EHS Costa Rica June 2013

Día 3 – Comunidad indígena Maleku, almuerzo en la Vida Campesina, la visita a la Escuela Jacuri y los Ecotermales

Filed under: Uncategorized — spainjune2012 at 2:01 pm on Saturday, June 8, 2013

Well, we had a very full day today.  Breakfast at 7, on the bus at 7:45, and we were on our way to the indigenous community.   At breakfast, we were all in awe looking from our breakfast table out on cloud cloaked Arenal volcano.  The kids were as busy as the hummingbirds, buzzing around, taking pictures, and clamoring about how beautiful and amazing everything was.  When we were on the deck outside the restaurant, we turned to our left and were able to see Lake Arenal.  It was very fun to see all the kids outside using their Facetime and Skype to share the beauty with their loved ones.  I even skyped my own mother.

When we arrived to the Maleku community, we were welcomed by two women dressed in traditional clothing made out of the bark of trees.  One of the girls walking next to me mentioned how she couldn’t believe how the woman was walking barefoot on the trail.  After walking through a small canopy of trees, we came to a clearing where the rest of the family stood waiting for us in front of three structures made of wood and palm leaves.  The leader of the Maleku tribe is coincidentally named Jimmy as well.  He did tell us that he has a Maleku name given to him by his great-uncle, and others in his generation or younger only have “decorative” Maleku names like FuFu which means butterfly.  After teaching us about some of their traditions and history, we went to the best part of the visit, which was shooting bows and arrows!  Jonathan, Karli, Hannah, and Srta. Weitzel all successfully hit their targets.  After our target practice, we were brought back to a hut where the Maleku family performed a marriage ceremony in their native language.


Afterwards, we went to a beautiful organic farm.  We started out the visit with hand shaping our own tortillas, followed up by an exquisite buffet of delicious homemade food.  My personal favorite was the green papaya picadillo, however there were also beans, rice, chicken stew, and two types of yuca.  Then for dessert, we were served a salad of fresh fruit.  After our delicious meal, they brought us out into the farm where everything was grown and harvested.  In our first stop, we learned about sugar cane.  Our guide Jose did a great job engaging many of our kids.  Hannah was the first volunteer to whack sugar cane, and next up was Jonathan, who according to the girls, made it look a lot easier than it was.  My personal favorite was watching the kids work together to then crank the sugar cane through the machine.  The kids also enjoyed trying our freshly squeezed juice.  On the tour, we learned about coffee beans, yuca plants, natural pesticide plants, and even saw a lizard.  The students were enamored with our guide and his nephew, who after the tour of the farm, accompanied us to the school.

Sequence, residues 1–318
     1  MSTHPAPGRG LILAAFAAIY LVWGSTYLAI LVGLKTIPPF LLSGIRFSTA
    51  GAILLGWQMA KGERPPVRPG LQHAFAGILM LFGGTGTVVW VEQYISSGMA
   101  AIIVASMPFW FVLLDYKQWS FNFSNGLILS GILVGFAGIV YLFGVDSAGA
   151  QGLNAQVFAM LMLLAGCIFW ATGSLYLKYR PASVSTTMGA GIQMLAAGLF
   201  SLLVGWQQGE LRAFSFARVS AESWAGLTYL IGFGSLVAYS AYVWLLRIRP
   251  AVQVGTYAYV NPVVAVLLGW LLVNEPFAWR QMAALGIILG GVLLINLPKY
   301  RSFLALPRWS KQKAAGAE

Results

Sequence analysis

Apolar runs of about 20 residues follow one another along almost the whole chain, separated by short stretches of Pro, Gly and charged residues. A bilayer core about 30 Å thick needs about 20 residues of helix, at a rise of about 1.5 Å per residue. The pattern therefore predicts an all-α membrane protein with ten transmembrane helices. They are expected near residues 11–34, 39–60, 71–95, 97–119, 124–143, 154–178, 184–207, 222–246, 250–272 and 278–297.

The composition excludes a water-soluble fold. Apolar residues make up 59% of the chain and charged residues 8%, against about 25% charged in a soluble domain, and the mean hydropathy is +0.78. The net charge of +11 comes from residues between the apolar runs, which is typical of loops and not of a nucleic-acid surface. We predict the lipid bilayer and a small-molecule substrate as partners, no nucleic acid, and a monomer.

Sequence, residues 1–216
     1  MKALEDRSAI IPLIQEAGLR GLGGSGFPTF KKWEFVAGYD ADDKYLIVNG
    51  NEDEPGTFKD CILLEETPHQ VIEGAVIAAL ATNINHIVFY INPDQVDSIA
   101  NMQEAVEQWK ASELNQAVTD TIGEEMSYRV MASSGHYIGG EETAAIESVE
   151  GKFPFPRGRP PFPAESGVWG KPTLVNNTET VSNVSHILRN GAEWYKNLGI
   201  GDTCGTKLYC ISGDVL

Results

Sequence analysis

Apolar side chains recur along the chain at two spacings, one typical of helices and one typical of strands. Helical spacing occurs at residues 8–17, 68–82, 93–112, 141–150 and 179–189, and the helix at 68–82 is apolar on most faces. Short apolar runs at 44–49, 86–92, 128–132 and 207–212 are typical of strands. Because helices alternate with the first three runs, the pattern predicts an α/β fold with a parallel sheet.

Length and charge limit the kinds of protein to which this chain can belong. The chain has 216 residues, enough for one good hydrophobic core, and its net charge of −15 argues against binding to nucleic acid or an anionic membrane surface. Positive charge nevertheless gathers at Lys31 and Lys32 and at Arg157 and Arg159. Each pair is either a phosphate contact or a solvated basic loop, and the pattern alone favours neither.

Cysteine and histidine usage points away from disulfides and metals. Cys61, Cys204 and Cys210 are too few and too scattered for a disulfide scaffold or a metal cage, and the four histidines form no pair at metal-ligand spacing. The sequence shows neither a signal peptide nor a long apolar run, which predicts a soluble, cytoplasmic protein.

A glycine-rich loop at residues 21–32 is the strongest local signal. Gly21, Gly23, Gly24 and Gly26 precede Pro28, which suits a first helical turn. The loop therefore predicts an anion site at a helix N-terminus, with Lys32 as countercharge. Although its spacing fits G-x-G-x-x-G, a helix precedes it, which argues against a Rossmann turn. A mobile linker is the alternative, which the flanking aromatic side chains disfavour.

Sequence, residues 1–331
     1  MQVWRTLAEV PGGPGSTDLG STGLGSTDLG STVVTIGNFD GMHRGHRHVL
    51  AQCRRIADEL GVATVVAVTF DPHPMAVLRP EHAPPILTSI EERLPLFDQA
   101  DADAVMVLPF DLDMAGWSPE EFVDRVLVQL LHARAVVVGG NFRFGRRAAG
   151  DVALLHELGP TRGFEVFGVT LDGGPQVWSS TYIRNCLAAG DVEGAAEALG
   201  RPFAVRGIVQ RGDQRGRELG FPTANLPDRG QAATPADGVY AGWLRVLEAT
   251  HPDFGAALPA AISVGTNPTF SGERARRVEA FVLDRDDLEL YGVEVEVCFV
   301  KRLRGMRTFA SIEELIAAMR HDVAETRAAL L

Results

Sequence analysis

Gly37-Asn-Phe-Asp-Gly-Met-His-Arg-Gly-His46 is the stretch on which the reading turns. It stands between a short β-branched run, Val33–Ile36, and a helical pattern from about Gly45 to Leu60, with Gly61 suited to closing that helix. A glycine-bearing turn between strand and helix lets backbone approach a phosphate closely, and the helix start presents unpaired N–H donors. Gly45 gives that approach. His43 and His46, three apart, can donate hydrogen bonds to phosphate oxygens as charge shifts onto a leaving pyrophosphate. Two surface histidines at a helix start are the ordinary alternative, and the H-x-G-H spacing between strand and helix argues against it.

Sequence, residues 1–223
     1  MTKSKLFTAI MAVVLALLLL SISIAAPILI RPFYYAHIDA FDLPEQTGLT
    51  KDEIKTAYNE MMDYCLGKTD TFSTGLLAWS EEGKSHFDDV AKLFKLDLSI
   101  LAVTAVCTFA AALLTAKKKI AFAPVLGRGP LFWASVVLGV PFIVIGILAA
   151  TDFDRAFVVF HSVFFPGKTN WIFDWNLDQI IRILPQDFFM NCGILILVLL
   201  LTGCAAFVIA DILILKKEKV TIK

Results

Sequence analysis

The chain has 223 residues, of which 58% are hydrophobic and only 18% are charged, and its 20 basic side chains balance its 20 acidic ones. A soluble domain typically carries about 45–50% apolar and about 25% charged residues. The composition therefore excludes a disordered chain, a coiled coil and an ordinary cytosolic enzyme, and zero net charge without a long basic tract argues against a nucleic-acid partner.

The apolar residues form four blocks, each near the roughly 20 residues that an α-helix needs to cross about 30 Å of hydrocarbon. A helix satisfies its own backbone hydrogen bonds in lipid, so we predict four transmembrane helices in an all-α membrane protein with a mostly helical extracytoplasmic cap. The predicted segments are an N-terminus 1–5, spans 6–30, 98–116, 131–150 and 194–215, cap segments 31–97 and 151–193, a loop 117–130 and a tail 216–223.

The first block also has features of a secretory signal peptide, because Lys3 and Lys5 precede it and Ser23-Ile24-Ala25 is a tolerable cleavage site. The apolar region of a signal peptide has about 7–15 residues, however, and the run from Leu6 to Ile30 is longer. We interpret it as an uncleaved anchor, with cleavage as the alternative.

The school was, for many of our kids, the highlight of the day! As we approached, we saw a group students dressed in traditional folkloric dance costumes in the colors of Costa Rica.  They were eager to meet us and immediately took our hands and escorted us to our seats.  After meeting different members of the school community, the kids put on a show for us! They were so endearing and talented, and you could tell how much they enjoyed themselves.  Jonathan and Samantha were chosen to participate in the dancing.  They did a great job! And we all had a good laugh.  Then they invited the entire group to dance in a circle: a game that was kind of like musical chairs… but with a broom.  We had a lot of fun learning about Costa Rican culture through the eyes of these energetic and joyful little ticos.


After saying goodbye to our new friends at the school, we headed to Ecotermales, a beautiful hideaway with various pools that are naturally heated by volcanic springs.  Here we saw a group of howler monkeys!  One was hanging upside down from his tail, eating!  The park was full of natural wildlife.  We enjoyed soaking and relaxing in the water after a long day, especially with our virgin piña coladas and strawberry daiquiris.  Of course, it began to rain in the afternoon, but you barely notice the rain when sitting in the warm water.  The mixture of cool rain and hot springs created a beautiful mist over the surface of the water, and streams of sunlight broke through the jungle foliage and mist to create a serene and peaceful moment in time.


And the fun didn’t stop there.  On the way home, Jorge our driver flipped on the black lights and Sra. Lackey put on some tunes.  We had a little dance party right then and there on the bus.  It was a fun-filled action-packed day, and we received the comment from one of our kids that this has been the best day of their life.  We’ll take that!  And in part, we would have to agree with her.


In loving care of your children,

Srtas. Hause y Weitzel

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